At present, the City administration has projected a very small increase in
government grants, to $115 million in 2015. If I suggest that we might increase that
figure by $27 million, or more than 20%, it would seem a little unrealistic. While the
provincial government is continuing to wrestle with its own operating deficit, it
appears that the federal government is pointing towards a significant surplus next
year. I believe there is room for Winnipeg to become a beneficiary of significant
senior government commitments going forward, and I will do my best to make that

Finally, if we have slung all five of the above stones at our Goliath of a deficit, and are
still short, David would recommend that we draw down the remaining balance required
from the Citys Fiscal Stabilization Reserve Fund, which exists for this very purpose.
The new City Council will then have a full year to continue the search for a stronger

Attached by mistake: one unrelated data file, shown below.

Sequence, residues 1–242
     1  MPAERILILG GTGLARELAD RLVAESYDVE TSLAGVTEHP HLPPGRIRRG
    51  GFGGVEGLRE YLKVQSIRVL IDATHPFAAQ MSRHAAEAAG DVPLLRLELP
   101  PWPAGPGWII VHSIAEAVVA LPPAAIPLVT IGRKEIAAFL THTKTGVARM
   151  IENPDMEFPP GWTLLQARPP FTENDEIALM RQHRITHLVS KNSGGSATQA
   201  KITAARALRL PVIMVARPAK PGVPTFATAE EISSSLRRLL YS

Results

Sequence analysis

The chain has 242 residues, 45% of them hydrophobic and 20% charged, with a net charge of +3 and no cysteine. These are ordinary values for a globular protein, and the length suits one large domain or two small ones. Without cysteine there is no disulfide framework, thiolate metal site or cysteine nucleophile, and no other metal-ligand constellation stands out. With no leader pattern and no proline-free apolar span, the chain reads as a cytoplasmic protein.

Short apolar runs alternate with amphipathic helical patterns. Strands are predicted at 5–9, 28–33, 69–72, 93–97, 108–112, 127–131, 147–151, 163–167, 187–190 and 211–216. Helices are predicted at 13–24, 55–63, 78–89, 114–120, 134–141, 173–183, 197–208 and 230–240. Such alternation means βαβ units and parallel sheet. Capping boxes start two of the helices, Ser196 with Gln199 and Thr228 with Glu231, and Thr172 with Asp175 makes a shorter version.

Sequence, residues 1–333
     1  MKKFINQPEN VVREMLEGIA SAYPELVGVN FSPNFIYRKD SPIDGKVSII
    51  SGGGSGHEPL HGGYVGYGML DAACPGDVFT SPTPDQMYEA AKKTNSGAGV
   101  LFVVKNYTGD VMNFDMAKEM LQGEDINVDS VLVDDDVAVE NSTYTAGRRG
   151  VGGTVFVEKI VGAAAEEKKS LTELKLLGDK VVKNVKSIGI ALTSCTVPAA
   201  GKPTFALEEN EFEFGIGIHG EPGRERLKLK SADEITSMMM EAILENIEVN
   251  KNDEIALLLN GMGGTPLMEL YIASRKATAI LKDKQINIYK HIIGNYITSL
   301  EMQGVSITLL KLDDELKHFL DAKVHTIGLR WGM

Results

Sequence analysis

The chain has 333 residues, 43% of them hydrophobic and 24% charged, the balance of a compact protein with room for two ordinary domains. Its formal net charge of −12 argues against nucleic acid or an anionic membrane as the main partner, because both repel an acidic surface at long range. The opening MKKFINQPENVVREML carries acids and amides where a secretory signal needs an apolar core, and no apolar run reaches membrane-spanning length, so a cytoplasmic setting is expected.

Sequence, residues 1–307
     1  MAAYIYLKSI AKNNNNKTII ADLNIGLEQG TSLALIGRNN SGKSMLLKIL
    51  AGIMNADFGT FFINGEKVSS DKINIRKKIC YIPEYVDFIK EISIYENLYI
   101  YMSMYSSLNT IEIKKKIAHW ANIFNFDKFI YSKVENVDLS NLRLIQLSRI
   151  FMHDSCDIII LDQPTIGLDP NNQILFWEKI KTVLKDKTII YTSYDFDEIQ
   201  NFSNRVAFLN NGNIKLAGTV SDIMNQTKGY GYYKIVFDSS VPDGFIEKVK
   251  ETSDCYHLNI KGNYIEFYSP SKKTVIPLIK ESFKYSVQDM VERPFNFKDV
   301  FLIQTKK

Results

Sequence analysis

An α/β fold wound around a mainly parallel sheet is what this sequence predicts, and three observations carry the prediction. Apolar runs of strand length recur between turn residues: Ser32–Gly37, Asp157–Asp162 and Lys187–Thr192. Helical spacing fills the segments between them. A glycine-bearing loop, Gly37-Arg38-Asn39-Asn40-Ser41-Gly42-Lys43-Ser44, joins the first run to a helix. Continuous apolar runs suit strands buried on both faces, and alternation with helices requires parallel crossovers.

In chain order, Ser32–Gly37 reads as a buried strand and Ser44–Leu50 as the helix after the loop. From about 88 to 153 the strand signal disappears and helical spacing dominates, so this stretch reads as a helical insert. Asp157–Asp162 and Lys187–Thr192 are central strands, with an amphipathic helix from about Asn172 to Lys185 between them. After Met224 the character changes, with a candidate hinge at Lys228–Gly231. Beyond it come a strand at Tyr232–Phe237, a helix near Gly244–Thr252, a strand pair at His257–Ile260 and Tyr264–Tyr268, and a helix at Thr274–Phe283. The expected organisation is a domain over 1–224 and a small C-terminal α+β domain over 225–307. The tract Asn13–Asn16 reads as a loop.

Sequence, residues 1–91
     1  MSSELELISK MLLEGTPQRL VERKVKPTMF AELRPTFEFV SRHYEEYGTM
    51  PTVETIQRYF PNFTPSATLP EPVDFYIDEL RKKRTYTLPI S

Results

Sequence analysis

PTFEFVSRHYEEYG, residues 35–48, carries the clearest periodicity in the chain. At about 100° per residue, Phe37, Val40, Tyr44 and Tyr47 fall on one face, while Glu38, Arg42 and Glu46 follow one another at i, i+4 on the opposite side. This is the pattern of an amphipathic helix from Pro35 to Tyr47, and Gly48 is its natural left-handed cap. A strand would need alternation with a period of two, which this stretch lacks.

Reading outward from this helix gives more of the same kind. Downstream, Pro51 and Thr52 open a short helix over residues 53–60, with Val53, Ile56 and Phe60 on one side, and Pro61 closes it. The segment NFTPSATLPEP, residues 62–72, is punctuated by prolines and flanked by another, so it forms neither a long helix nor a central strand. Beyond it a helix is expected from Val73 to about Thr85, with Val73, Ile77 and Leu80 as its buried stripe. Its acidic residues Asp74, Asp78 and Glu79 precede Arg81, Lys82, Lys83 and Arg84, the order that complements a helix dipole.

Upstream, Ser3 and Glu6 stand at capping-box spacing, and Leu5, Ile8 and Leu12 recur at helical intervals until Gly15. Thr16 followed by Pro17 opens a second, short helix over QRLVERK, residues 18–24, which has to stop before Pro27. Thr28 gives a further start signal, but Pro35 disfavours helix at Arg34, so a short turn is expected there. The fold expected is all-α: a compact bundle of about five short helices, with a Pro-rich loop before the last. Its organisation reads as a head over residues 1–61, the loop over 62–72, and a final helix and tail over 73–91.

financial environment for Winnipeg, and to plan on replenishing the Fiscal Stabilization
Reserve Fund starting in 2016.

Summary: A Realistic Approach

a) Maximum 5% municipal tax increase $ 25.6 million
b) Reductions in 2014 budgeted expenditures 15.0
c) Draw on Fiscal Stabilization Reserve Fund 7.4
d) Reduce inflated 2015 budget projections 15.0
e) Council and Admin find 2015 savings 10.0
f) Negotiate federal-provincial cost-sharing 27.0
Total operating deficit now projected $100.0
g) Or draw on the Fiscal Stabilization Reserve
Fund to cover any remaining shortfall $ ?

During this campaign, David has recommended many changes in City services which
would involve increased expenditures, but in view of the Goliath of a problem we face,
he does not think it would be responsible to make specific dollar promises at this time.
He has said what he would advocate for, as Mayor, but in the end, decisions will be
made by a majority of the new Council. So it definitely matters who is elected to serve
on the new Council. David hopes that he will be joined by a majority of like-minded

P.S. What does David Sanders know about managing the Citys finances?

He has masters level training in public administration, economics, finance, accounting,
and law, plus 45 years experience in preparing and managing multi-million dollar
budgets in both the public and the private sectors. He can read a financial statement, he
knows the questions to ask, and he can tell whether the answers are credible.